FEATURE | Oil spill cleanup vessel finds new life as pilot station boat for Staten Island

FEATURE | Oil spill cleanup vessel finds new life as pilot station boat for Staten Island

Rendering of the rebuilt pilot station vessel New York (Photo: JMS Naval Architects)

A unique vessel conversion project is presently in its final stages at Feeney Shipyard in upper New York State.

The object of the conversion is the former Maine Responder, which was built by VT Halter Marine in 1993 and used as an oil spill response vessel (OSRV) by Washington, DC-based Marine Spill Response Corporation (MSRC) until 2019. Once the work is completed later this year, ex-Maine Responder will be aptly renamed New York and will be operated as a pilot station vessel by the Sandy Hook Pilots Association of Staten Island.

New York will replace a similarly named vessel that has been in service with the Sandy Hook Pilots for nearly 50 years. Feeney Shipyard is carrying out the conversion with engineering support provided by JMS Naval Architects. This support includes evaluation of the vessel prior to purchase and owner’s representative services on behalf of Sandy Hook Pilots during the actual conversion itself.

Maine Responder prior to undergoing conversion into a pilot station vessel (Photo: JMS Naval Architects)

The work on ex-Maine Responder entailed more than simply the removal of all its oil recovery systems. The 1,335-ton (1,211-tonne), 208-foot (60-metre) vessel is being rebuilt into a large tender whose main function is to provide pilot boats and their crews with adequate logistical support without them having to return to shore. Moreover, the vessel needed to be robust enough to provide that support even under the harshest winter conditions typical in the northeastern United States.

In general, the conversion design included installation of a large two-tier deck house for the pilot berthing, lounge, and mess and incorporation of operational capabilities specific to the pilots’ mission.

First, the vessel is being fitted with a port rescue station with net recovery system for use in man overboard situations. Deck de-icing systems will be installed at the port and starboard pilot boarding stations along with a hot water/steam system for power washing to de-ice the pilot boats when alongside, thus allowing pilotage operations to be carried out even during the winter months.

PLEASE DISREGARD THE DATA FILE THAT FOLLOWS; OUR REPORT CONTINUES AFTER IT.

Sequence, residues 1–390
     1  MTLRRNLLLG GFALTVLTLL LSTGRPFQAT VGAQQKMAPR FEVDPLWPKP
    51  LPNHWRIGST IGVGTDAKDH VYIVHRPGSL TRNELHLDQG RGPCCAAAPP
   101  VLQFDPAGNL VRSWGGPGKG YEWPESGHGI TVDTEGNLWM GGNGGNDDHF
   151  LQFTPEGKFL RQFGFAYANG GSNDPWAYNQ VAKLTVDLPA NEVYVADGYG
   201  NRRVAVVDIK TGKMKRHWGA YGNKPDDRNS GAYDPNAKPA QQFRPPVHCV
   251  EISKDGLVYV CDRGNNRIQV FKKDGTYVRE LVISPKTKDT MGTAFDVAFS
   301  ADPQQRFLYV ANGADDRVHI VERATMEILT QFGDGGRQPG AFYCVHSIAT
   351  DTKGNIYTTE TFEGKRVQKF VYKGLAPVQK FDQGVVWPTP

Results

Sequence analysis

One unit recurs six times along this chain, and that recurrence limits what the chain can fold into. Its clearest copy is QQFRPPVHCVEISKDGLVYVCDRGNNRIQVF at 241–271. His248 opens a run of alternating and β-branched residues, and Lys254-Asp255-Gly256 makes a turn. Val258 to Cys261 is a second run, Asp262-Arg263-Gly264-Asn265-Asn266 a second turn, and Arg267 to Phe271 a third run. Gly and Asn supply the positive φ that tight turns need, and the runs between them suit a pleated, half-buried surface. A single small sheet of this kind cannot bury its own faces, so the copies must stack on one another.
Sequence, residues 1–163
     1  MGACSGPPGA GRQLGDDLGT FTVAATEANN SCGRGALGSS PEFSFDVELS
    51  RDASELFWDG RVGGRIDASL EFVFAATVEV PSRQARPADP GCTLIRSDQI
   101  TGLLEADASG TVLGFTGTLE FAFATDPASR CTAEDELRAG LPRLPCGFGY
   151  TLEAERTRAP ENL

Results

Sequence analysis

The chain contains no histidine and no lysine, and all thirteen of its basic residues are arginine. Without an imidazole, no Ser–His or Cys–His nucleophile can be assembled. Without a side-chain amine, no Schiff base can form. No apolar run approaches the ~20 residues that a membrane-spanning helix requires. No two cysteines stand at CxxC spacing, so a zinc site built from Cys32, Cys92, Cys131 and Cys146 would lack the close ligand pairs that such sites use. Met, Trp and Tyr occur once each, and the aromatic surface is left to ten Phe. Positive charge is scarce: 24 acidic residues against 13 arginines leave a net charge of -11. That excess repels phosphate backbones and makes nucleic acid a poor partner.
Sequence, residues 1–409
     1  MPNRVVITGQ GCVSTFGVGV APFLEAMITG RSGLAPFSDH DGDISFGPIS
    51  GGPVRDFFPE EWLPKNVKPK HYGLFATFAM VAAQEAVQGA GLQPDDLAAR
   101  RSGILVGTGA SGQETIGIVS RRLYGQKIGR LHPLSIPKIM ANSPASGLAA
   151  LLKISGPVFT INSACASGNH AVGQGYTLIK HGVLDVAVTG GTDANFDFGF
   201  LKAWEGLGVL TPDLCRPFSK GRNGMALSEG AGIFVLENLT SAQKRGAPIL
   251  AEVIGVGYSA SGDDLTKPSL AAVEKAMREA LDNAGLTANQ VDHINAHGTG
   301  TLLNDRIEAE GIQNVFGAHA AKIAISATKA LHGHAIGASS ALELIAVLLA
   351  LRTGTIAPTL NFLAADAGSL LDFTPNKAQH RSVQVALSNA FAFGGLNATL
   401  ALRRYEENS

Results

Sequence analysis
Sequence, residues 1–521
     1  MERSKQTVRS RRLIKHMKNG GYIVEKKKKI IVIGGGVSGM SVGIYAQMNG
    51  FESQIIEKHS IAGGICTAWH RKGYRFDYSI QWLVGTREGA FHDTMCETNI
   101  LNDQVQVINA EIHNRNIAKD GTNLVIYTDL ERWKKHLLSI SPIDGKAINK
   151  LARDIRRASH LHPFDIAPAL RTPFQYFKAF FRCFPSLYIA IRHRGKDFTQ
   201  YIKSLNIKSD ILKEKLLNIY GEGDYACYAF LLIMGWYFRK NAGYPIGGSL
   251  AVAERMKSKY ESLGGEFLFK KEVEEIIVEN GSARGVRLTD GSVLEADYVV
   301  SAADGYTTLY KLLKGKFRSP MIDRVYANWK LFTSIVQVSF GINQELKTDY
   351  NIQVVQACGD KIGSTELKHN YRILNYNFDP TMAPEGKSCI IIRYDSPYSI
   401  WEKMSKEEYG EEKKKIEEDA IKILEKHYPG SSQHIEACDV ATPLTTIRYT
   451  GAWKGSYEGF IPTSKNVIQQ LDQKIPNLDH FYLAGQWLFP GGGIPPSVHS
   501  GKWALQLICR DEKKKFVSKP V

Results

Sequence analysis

Red areas indicate equipment and features that were removed as part of the conversion. (Photo: JMS Naval Architects)

The vessel is also being fitted with a new knuckle boom crane. This will be used primarily to service the port and starboard rigid inflatable boats (RIBs) that will be operated as the vessel’s own tender craft, though it will also be used for loading gear when pierside.

The existing potable water capacity will be increased threefold to nearly 227,000 litres, and two port and starboard fueling/transfer stations for small boats will be fitted as well.

The pilothouse will also be modified with port and starboard screens showing live video feeds from the CCTV cameras facing the pilot boarding area (A viewing screen will also be installed in the crew mess area.). For easier communications especially while underway, speakers will be fitted in the port and starboard bridge wings as well as in the pilot boarding area to ensure two-way communications between the two areas of the vessel.

The pilothouse will also have floor to ceiling windows facing aft and down to provide operators with a clearer view of the pilot boarding station as an added measure of comfort during transfers.

The completed vessel will retain its helicopter pad, ABS classification, and COI as a US Coast Guard Subchapter I vessel.

The rebuilt New York is scheduled for delivery in September 2021 and is slated to serve the entrance to New York Harbor, Hudson River, Hell’s Gate, and Long Island Sound.

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